Barb Cranmer – Messenger of Stories

The woman is short, stocky, compact. She has a face wide and mobile, a sun-filled smile. She speaks in a voice of brightness and enthusiasm, secure in her self-confidence. She appears filled with an intense and compacted energy, lightly reined, distinctly directed. The woman is of the ‘Namgis First Nation of Alert Bay, of the Kwakwaka’wakw Nation of British Columbia. The woman is Barb Cranmer, a documentary film-maker of note.

Her film, T’lina: The Rendering of Wealth, has just won the award for Best Short Documentary at the 1999 American Indian Film Festival in San Francisco.

As with all her work, T’lina shares an intimate view of the power of community and the strength of tradition among the 14 groups speaking the Kwak’wala language, who live in a territory that reaches from Port Hardy on Northern Vancouver Island, south to Campbell River area.

“I myself am living my own history through the films that I am making,” said Cranmer. “The strength, for me, in doing this work, comes from my family, comes from my community. I’m basically working in a non-native world, working and fund-raising in Vancouver. The films I direct and co-produce are big-budget documentaries; when I feel I have to be strong, it is the strength of the family and the community that I come from, the community I’m representing, that allows me to carry on. That’s critical. Because I have a strong sense of identity, I feel. Both sides of my family still potlach, still carry on the tradition that’s been passed on to us.”

Her visage is earnest, sincere, intense.

“That’s what drives my work. I give voice to the community, the native community large.”

The woman is also possessed of a becoming modesty, an attractive reticence about herself. Interviewed in advance of the film festival at which T’lina was recognized for excellence, she forebore from mentioning that she is no stranger to such recognition.

Cranmer produced, wrote and directed Qutuwas: People Gathering Together, about the rebirth of the northwest coast canoe culture. This film won the first Telefilm Canada/TV Northern Canada Award, Best Documentary at the American Indian Film Festival, and was invited to the 1997 Sundance Film Festival.

While the economic impact of declines in commercial fisheries has garnered national attention – where the local harvesting of a tiny fish known as the eulachon is concerned, it is the potential CULTURAL loss that is important to the ‘Namgis community of Alert Bay. In the Kwakwala language t’lina (pronounced “gleetna”) is the name of the precious oil rendered from the fish. This oil is a symbol of cultural wealth, a valuable trade item and important food staple. The oil is rich in vitamins, minerals and essential fatty acids. Historically, it has been traded on “grease trails” throughout the northwest. For thousands of years, the Alert Bay community has made its way by boat each spring to a remote mainland inlet known as Dzawadi (Knight Inlet). Here the eulachon are harvested and rendered after spawning. Habitat loss and commercial over-fishing now imperil this traditional fishery.

“I have wanted to do this film for at least six years,” Cranmer said. “It became urgent because many of our old people were dying and important knowledge and history were close to disappearing with them. When I made a research trip with my family to Dzawadi in 1996, we witnessed a sharp decline in the eulachon run.”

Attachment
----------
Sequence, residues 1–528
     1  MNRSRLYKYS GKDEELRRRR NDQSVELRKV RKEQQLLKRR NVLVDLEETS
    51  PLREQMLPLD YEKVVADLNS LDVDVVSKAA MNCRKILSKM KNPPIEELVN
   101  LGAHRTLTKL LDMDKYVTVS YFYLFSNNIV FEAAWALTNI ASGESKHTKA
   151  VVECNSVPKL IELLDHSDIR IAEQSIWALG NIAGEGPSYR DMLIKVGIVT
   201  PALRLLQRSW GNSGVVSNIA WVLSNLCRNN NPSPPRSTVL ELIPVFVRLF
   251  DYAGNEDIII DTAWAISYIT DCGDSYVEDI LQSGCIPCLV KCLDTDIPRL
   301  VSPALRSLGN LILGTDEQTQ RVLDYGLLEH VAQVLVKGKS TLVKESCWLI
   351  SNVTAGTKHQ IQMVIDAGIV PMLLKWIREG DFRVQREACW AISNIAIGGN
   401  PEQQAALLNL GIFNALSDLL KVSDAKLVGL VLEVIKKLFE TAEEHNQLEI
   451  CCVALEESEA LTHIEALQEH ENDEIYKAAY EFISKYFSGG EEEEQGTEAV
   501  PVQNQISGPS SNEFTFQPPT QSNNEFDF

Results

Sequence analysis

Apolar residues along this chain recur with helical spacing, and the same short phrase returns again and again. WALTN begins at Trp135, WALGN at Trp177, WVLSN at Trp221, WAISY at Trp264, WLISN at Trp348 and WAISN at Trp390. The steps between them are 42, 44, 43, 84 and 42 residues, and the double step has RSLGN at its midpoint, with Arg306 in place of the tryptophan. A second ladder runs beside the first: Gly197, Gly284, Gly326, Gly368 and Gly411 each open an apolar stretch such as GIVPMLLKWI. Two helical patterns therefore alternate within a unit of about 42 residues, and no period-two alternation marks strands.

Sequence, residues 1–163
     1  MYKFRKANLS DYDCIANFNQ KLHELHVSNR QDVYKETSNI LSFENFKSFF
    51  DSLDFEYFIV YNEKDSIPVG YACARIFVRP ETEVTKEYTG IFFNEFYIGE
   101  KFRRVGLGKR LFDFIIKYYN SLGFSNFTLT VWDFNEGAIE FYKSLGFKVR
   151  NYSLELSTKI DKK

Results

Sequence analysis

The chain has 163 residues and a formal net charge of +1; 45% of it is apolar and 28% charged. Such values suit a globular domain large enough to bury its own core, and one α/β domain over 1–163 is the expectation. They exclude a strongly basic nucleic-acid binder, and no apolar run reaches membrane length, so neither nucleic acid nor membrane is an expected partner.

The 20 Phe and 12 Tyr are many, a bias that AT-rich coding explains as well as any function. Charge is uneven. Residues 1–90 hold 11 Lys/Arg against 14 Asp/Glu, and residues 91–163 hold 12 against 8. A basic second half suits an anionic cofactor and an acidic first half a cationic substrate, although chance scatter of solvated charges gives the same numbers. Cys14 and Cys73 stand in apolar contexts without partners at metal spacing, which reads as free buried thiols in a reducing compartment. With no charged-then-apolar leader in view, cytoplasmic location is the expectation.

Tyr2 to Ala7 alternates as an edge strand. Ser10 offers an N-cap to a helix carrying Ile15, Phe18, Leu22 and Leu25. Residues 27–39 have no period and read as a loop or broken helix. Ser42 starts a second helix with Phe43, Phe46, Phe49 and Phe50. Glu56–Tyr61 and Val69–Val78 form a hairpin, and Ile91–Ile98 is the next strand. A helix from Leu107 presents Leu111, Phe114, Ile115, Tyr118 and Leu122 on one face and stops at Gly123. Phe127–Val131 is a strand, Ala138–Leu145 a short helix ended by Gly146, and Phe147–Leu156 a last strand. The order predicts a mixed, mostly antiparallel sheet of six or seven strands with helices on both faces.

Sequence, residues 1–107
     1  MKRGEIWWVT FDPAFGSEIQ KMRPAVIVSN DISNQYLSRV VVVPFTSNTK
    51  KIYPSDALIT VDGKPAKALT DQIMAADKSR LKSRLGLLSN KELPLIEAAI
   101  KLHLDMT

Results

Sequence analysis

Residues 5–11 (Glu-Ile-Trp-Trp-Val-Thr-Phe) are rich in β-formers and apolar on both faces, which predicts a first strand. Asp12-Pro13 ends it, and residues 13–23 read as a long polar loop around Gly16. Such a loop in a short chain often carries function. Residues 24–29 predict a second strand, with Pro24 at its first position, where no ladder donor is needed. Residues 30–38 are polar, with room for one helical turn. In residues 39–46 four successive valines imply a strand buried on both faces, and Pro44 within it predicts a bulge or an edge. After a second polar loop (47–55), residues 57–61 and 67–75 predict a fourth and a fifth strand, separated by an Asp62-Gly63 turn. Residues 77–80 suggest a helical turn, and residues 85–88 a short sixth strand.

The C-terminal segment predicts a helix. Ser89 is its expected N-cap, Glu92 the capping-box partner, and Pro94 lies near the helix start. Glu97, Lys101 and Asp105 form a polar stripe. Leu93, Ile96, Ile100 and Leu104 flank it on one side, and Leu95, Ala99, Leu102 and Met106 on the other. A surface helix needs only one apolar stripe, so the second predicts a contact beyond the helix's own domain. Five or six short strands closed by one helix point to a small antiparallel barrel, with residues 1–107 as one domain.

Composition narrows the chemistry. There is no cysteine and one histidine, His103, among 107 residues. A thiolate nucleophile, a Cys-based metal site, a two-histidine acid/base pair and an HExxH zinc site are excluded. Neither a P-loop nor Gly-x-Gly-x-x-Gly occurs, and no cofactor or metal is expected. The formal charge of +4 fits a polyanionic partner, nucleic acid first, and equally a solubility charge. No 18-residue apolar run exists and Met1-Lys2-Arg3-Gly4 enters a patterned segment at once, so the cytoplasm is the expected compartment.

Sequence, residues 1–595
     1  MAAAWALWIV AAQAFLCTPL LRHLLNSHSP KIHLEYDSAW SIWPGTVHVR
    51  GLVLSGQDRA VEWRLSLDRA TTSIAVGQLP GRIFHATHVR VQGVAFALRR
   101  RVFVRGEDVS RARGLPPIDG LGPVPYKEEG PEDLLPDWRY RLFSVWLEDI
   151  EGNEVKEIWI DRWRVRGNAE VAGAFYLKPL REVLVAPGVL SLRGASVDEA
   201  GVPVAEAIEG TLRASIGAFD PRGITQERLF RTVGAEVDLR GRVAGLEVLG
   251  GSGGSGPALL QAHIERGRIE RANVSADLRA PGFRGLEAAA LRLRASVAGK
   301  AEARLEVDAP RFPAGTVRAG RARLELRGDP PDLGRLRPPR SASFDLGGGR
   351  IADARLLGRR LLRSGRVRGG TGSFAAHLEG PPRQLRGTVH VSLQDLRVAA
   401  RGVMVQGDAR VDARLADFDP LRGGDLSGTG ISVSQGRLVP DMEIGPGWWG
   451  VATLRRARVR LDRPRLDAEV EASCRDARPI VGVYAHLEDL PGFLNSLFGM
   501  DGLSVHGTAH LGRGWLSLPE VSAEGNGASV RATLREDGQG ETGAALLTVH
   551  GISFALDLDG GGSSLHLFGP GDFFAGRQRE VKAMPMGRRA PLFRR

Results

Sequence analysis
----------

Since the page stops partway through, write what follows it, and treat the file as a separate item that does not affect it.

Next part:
The tiny fish are not used commercially, but have suffered from indiscriminate overfishing as part of the industry’s unwanted “by-catch” – fish that are dumped in pursuit of more saleable species. Habitat destruction from logging is also a major concern.

“It was important to do the story right now,” said Cranmer. “In ten years we might not be going up there. The eulachon may be extinct.”

In Kwakwaka’wakw society, the highest honour a Chief can bestow is to give away, or potlach, the t’lina. In the t’linagila ceremony, families dance with huge carved feast spoons and bowls, symbolizing the pouring of the oil. Hundreds of bottles of t’lina are distributed to guests who have come to witness the potlach.

“The families who travel annually to Dzawadi are strengthed by the experience,” Cranmer said. “Each year brings something new. It is amazing that in these modern times our people are fortunate enough to be able to go to a place where we can still practice a traditional way of life. It is like travelling back in time as we reaffirm our connection to our traditional territory. We have discovered old houseposts, which supported many bighouses in the Dzawadi area. We can only imagine what it must have been like to live two hundred years ago in this same area.

“This film offers a rare opportunity to share these moments inour community’s way of life – for the benefit of audience today, and for future generations. I believe this film will inspire not only First Nations people, but the general public as well. This film is a tribute to our grandmothers and grandfathers. My only regret is not being able to make the trip to Dzawadi years ago, when more elders were still alive.”

The film, co-produced by Cari Green of Vancouver-based Nimpkish Wind Productions and the National Film Board, was made with $275,000 from the Canadian Television Fund.

The Making of a Film Maker

Barb Cranmer was born in Alert Bay and grew up there for 19 years, at which point she moved to Vancouver to take courses in administration at Capilano College. She then returned home to work for her band in economic development.